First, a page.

Small and medium-sized enterprises should improve their auditing standards if they wish to access much needed capital, a conference in Ha Noi heard yesterday.
There are about 450,000 enterprises in the country, according to Dang Van Thanh, chairman of the Viet Nam Accounting and Auditing Association. He said about 96 per cent of those firms are SMEs, which contribute about 40 per cent of Viet Nam's total GDP.
However, he said almost every business in the country faced difficulties accessing credit.
Statistics from the State Bank of Viet Nam's Credit Department showed that just half of the 163,000 non-State enterprises had taken out bank loans, accounting for 27 per cent of the country's total debt.
"It means that half of the non-State businesses, most of which are SMEs, are suffering a capital shortage," he said.
Another investigation released by the Ministry of Planning and Investment's Development Department shows that just one-third of SMEs has access to bank loans.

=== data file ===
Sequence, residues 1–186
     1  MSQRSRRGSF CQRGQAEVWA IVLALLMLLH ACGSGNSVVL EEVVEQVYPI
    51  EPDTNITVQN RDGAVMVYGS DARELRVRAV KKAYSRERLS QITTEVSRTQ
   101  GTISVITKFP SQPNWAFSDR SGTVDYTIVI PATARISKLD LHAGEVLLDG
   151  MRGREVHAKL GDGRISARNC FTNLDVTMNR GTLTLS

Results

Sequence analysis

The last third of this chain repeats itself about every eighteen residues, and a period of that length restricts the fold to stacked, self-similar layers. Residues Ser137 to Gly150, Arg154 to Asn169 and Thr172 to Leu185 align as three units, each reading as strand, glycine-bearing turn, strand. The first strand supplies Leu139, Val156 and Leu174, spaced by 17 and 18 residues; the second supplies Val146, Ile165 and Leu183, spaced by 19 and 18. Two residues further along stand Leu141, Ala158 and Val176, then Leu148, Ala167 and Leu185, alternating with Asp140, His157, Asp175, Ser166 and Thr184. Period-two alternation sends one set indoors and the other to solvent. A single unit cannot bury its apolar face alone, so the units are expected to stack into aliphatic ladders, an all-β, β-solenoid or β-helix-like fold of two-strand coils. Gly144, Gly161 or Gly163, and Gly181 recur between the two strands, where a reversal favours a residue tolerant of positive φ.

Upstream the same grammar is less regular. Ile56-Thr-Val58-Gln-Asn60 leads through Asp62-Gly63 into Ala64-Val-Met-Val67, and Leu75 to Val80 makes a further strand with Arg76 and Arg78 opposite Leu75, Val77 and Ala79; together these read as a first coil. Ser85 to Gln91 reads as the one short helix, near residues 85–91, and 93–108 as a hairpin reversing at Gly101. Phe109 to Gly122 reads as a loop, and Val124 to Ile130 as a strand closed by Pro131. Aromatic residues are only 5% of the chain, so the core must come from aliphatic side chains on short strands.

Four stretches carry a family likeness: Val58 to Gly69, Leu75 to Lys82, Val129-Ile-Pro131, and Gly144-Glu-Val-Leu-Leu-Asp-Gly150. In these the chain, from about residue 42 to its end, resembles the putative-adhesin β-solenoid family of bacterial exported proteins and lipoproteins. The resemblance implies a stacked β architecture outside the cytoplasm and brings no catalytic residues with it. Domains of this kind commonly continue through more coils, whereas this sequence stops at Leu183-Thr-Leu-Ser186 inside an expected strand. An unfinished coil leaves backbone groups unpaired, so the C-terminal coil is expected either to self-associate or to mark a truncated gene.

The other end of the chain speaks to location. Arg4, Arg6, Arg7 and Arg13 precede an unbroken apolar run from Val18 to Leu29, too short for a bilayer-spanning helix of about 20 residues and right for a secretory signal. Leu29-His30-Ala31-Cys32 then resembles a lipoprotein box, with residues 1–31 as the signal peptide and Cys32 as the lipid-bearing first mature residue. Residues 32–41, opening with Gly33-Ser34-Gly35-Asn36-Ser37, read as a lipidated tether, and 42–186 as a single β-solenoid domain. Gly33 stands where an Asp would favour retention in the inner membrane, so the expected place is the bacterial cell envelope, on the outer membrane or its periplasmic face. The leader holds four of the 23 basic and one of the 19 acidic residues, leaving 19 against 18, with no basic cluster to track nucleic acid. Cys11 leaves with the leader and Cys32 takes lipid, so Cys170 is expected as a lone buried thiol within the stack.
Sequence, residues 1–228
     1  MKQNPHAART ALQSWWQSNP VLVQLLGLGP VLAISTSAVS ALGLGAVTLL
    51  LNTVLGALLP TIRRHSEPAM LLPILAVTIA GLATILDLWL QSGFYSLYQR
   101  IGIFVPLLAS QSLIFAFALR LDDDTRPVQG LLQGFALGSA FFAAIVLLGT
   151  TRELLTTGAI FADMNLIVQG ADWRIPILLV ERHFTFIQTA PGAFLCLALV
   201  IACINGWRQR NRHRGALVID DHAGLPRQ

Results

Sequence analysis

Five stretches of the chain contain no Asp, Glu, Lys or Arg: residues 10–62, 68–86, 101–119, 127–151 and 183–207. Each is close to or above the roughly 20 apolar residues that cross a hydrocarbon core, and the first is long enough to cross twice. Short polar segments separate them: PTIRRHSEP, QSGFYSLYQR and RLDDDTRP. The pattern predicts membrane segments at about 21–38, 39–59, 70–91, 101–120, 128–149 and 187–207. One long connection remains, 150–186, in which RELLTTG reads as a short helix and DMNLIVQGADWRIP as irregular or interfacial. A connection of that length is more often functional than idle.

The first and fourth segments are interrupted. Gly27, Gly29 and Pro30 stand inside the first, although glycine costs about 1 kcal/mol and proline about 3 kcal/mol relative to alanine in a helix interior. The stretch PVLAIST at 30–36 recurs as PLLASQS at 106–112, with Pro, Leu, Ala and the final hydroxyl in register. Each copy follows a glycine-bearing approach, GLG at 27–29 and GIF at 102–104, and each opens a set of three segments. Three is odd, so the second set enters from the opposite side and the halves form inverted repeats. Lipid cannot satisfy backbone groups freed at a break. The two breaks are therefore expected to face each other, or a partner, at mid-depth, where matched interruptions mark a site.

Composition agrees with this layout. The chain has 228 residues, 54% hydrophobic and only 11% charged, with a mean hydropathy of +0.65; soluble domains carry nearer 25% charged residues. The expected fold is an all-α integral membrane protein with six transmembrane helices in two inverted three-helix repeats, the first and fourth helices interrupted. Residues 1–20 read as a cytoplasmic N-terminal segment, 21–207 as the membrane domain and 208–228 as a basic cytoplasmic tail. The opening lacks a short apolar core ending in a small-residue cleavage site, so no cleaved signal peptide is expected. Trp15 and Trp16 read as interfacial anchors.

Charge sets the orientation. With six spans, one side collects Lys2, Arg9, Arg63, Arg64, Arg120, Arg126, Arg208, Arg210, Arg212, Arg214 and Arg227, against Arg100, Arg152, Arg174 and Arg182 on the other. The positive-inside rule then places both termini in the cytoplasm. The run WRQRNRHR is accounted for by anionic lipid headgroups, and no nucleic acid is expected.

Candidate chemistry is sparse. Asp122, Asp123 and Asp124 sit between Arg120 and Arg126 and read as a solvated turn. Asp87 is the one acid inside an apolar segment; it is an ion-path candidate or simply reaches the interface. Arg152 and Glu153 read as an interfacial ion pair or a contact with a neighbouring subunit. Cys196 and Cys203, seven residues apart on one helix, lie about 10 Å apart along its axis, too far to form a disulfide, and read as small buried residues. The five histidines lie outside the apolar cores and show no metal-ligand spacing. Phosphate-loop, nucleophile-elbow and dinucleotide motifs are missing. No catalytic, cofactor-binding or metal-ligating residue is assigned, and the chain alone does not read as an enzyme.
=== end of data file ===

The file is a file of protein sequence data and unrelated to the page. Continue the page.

Nguyen Minh Tuan, deputy head of the Viet Nam Chamber of Commerce and Industry's Business Development Institute, agreed that accessing credit was a problem for SMEs.
Economist Nguyen Dai Lai said banks paid particular attention to production and business plans and capital ability when they considered loan applications.
"Financial transparency and demonstrating the ability to make a profit are vital for any business that wishes to get credit," Lai said.
To meet bank requirements, participants at the conference were told about the need for independent auditing.
"Independent auditing could increase the reliability and accuracy of businesses' financial reports," Lai said.
Nguyen Thi Huong Nga, ANZ Bank's country head of Credit Risk, said financial reports needed auditing certification because it increased confidence in the information provided.
"However, many SMEs are not aware of the importance of auditing in answering capital questions," said Le Thi Hong Len, head of the Association of Chartered Certified Accountants (ACCA) Viet Nam
Nguyen Thanh Trung, general director of Mazars, said to access long-term credit businesses needed to provide financial reports.
"Auditing is not a compulsory requirement for SME's. However, it is helpful and makes accessing credit easier," he said. — VNS